Water New Zealand has just launched a major survey which it hopes will help the water sector grapple with the growing challenges around planning and managing the country’s water resources.
Most of New Zealand's native freshwater species are at risk of extinction as water quality faces "serious pressures", a Government report says.
Water New Zealand is currently updating the industries “Water meter code of practice”.
IPENZ is changing its membership structure to create a simpler and stronger pathway for all types of engineers.
The Government says nobody owns the water, but that hasn’t stopped people making hundreds of thousands of dollars selling it, reports Eloise Gibson from Newsroom
Abstract submissions for the 2017 5th Biennial Symposium of the International Society for River Science (ISRS) are closing on the 30th of April.
Make the World illustrates the wide range of choices available within the engineering industry, and features engineers who have studied a Bachelor of Engineering Technology or a New Zealand Diploma in Engineering.
Dr Nick Smith, Minister for the Environment
FRESH water is one of New Zealand's key strategic assets. It is why we are so good at growing food.
It is pivotal to our clean green tourism brand. It is part of what makes for our great Kiwi lifestyle.
The documents housed within this link will be used as the basis for the upcoming workshops (1st, 2nd and 3rd of May). The aim of these workshops is to work through feedback to date, and propose any amendment/s required to enable public release of the standards.
The Annual Report on Drinking-Water Quality 2015/16 was published on the Ministry of Health's website this afternoon 12 April 2017
As a population explosion engulfs Queenstown and Wanaka, local councils and water scientists are fighting a race against time to protect the Southern Lakes' pristine waters from urban run-off.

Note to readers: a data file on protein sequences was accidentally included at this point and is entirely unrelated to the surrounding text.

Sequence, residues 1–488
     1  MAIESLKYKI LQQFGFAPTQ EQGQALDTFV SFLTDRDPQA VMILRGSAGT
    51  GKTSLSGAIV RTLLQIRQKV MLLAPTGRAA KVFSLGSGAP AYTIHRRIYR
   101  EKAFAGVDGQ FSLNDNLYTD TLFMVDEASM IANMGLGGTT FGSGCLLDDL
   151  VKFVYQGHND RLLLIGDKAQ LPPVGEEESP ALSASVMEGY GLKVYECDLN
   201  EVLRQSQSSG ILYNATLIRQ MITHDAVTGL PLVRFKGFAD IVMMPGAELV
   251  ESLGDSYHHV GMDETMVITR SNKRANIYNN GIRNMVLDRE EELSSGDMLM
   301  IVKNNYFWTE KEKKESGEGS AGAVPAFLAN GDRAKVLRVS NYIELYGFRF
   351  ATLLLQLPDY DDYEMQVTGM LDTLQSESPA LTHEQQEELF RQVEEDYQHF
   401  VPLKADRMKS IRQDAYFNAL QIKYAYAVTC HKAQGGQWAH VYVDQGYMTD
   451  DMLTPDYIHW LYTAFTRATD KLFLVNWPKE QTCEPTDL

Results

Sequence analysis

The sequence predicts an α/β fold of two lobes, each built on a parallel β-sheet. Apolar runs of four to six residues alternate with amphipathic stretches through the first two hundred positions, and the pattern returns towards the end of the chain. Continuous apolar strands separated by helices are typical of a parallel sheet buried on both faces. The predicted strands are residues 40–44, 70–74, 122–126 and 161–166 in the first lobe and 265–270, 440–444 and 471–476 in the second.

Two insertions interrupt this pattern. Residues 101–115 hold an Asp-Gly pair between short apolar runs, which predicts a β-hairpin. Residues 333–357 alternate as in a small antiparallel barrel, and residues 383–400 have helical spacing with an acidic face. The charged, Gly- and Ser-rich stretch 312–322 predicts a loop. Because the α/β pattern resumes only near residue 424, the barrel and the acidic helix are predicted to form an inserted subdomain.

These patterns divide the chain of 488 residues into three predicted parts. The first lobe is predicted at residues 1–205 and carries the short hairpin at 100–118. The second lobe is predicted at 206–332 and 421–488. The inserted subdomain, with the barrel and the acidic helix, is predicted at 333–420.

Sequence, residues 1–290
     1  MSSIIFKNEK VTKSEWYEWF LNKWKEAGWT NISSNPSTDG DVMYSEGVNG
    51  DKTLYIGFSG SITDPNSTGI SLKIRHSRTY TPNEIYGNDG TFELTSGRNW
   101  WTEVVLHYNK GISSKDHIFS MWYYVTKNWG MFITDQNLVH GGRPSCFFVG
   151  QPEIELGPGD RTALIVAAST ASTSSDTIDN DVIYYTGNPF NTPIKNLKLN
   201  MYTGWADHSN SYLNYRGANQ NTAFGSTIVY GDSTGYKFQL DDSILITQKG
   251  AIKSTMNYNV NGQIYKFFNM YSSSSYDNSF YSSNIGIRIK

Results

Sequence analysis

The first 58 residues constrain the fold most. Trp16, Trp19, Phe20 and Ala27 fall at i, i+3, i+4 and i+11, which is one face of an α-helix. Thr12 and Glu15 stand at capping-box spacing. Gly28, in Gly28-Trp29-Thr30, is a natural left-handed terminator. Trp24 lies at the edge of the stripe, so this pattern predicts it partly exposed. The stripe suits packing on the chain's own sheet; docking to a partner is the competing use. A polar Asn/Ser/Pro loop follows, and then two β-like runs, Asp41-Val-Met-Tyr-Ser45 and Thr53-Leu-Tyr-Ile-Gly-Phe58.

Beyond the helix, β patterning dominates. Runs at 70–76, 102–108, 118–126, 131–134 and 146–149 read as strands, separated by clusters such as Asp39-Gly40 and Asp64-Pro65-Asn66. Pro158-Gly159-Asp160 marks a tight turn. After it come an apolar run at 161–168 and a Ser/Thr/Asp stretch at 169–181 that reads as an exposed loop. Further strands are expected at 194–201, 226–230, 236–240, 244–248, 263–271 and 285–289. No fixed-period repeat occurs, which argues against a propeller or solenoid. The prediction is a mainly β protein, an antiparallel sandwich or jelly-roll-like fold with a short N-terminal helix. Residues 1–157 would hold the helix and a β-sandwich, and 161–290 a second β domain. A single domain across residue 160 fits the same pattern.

OPINION by Pattrick Smellie: Much reporting of the prime minister's chief science advisor Sir Peter Gluckman's research into freshwater resources seemed to shred further the Government's tenuous credibility on this increasingly politicised issue.
In another episode in RNZ's focus on water issues, reporter Kate Gudsell looks at the Canterbury region where 63 percent of the country's irrigated water comes from.
In the Rangitikei, it is known colloquially as 'spray and pray', a new practice of un-monitored intensive farming, stripping land of pasture and grazing stock in mobs.
Some time ago, l was buying mineral water at a supermarket in Wellington. Next to me, a woman was choosing water to buy, and l asked her to what she paid the most attention when making a purchase. She said first of all, it was the price, and also its appearance.
The Rangitata River is the first focus for a group tasked with protecting the margins of Canterbury's braided rivers.
The group includes Environment Canterbury (ECan), Fish and Game, Land Information New Zealand, the Department of Conservation, Ngai Tahu, Forest and Bird, and Federated Farmers.
The Bay of Plenty Regional Council is commissioning an independent review of the circumstances that led to the flooding at Edgecumbe.
The inquiry would be led by Sir Michael Cullen, council chairperson Doug Leeder said
The eagerly awaited Resource Legislation Amendment Bill ( Bill) passed its third reading 6 April 2017. The third reading comes 16 months after it was first introduced to Parliament in November 2015 and was the last hurdle to the National-led Government delivering changes to the Resource Management Act ( RMA), first discussed five years ago.
Digital maps have revealed the impacts of sea-level rise and flooding on South Dunedin.
The low-lying area was hit by flooding on June 3 2015, and later that year Environment Commissioner Dr Jan Wright released a report noting that in Dunedin there were more homes less than 50 centimetres above the high tide mark than any other New Zealand city.
A new dam scheme could help protect Christchurch's dwindling water supply - but charging residents for the water they use is still being considered.